Autonomous cars will match or exceed human safety by 2024, after which they will grow rapidly at aan annual rate of 30 percent, according to IDTechEx’s new report Autonomous Cars, Robotaxis & Sensors 2022–2042.
By the 2040s, they will be capable of fulfilling the world’s mobility needs without a single collision. So why should humans be allowed to continue driving?
For a long time, the parameters around how we can drive our vehicles have been restricted. Speed limits exist to increase safety, seatbelts are mandated to increase safety, and city centers are becoming pedestrianized to increase safety for pedestrians.
An example is Barcelona, Spain, where super-blocks exist to create large car-free areas. These areas are not only safer for pedestrians but also improve local air quality and create a greener, more pleasant space within the city.
In other cities, clean air zones are already controlling the type of vehicle allowed in cities. As the maturity of autonomy increases it is conceivable that these zones could become autonomous-only, to improve inner-city pedestrian safety, then rolled out to entire cities, mandating that travel inside the city may only be conducted by autonomous drivers.
Eventually, manual driving could become completely illegal on public roads in the interest of safety. This is not to say that manual driving will completely disappear but may be relegated to a sport, reserved for racing and track days.
Imagine being pulled over by the police with a car full of people not wearing seat belts, the police officer says, “if you crashed, you could have killed someone”. Now the same scene but instead of not wearing seatbelts you are operating a vehicle manually in an autonomous-only town center.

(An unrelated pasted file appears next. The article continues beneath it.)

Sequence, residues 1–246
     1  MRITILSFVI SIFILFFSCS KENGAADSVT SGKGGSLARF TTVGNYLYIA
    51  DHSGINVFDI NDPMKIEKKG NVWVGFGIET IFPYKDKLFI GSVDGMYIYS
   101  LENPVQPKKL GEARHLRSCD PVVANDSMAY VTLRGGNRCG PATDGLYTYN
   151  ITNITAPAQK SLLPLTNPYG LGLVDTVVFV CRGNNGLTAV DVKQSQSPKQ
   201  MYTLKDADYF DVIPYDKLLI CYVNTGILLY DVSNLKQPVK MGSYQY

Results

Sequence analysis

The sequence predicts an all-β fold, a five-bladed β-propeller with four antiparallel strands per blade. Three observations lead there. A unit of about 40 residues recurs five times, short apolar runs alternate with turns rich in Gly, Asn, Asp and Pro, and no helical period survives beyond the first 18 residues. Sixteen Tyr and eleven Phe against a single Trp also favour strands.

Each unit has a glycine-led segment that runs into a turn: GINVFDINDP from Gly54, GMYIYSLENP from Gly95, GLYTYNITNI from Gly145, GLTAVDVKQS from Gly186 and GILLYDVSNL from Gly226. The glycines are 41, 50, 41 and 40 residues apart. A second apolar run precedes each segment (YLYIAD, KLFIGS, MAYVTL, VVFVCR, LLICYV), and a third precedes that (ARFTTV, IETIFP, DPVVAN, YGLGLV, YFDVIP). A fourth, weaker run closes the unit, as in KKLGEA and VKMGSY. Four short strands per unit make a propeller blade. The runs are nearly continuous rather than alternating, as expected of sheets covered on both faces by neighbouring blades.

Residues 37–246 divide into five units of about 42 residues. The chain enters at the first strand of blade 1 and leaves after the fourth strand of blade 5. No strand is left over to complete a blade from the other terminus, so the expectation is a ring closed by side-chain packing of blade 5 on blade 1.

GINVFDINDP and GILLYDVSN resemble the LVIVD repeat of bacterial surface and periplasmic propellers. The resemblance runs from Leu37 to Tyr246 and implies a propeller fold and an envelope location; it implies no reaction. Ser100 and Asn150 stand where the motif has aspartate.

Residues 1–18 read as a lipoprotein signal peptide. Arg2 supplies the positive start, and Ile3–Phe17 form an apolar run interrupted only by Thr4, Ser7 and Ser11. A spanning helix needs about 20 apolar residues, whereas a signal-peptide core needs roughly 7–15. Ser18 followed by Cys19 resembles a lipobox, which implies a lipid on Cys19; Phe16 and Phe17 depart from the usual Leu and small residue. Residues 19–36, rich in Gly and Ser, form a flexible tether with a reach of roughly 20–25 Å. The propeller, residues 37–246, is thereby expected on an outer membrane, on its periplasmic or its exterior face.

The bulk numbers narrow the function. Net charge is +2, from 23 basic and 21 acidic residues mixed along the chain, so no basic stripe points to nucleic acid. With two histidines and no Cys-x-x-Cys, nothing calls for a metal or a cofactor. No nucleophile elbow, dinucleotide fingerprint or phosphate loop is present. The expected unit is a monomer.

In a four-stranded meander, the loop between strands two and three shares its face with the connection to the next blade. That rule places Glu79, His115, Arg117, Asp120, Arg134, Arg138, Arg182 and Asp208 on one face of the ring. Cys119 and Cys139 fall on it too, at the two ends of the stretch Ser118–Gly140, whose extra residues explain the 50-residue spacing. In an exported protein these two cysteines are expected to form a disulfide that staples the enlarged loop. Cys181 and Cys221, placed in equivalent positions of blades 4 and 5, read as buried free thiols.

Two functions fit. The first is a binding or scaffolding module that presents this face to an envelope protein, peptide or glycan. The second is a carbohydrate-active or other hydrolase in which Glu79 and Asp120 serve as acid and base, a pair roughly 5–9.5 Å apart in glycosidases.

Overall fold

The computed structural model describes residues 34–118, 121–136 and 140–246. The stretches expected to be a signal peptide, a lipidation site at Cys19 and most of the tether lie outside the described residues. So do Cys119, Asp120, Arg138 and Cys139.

The assumption is that the technology will save lives and not using it is criminally negligent. Would this progression be so unusual?
Technology has always caused changes to the laws on how we operate vehicles; as vehicles became faster, speed limits were introduced. When mobile phones emerged their use in vehicles had to be outlawed; as autonomous drivers outperform humans will we be banned from driving altogether?
The IDTechEx report covers safety and regulation, a key barrier for adoption. One trend identified is with vehicle safety certifiers mandating higher levels of automated safety, and the inclusion of sensors such as radar.
An example is Tesla losing its top safety rating from the NHTSA when they removed radar from the Model 3 and Model Y in May, which ironically, improves the system, according to Tesla.
Autonomous drivers are constantly aware, never distracted by mobile phones, other drivers, or other such things which can occupy a human’s attention. Autonomous vehicles will be connected with 5G and receive more information about their surroundings than human drivers could ever see or process.
There is a good reason that computers are so ingrained into our everyday life, they can deal with more data than we can, they process it faster, and they do not make mistakes.
The difficulty, of course, is certifying that given the responsibility of driving, the last of these advantages is maintained and that the public has confidence in the technology.
Why 2050? IDTechEx has analyzed autonomous disengagement from the California DMV, which reveals the maturity of current autonomous testing. The top players such as Waymo and Cruise are currently traveling approximately 30,000 miles between disengagements, a number increasing by a factor of 2 each year.
If this growth is sustained, by 2046 autonomous vehicles will meet the total mobility demand of the US (3 trillion miles) without a disengagement. By 2050, they could meet the world’s transportation needs with fewer than 1 collision per year.
In a press release about the report, IDTechEx says: “Should humans be allowed to continue driving when we cause millions of injuries and hundreds of thousands of fatalities in car crashes each year? No, driving will be outlawed.”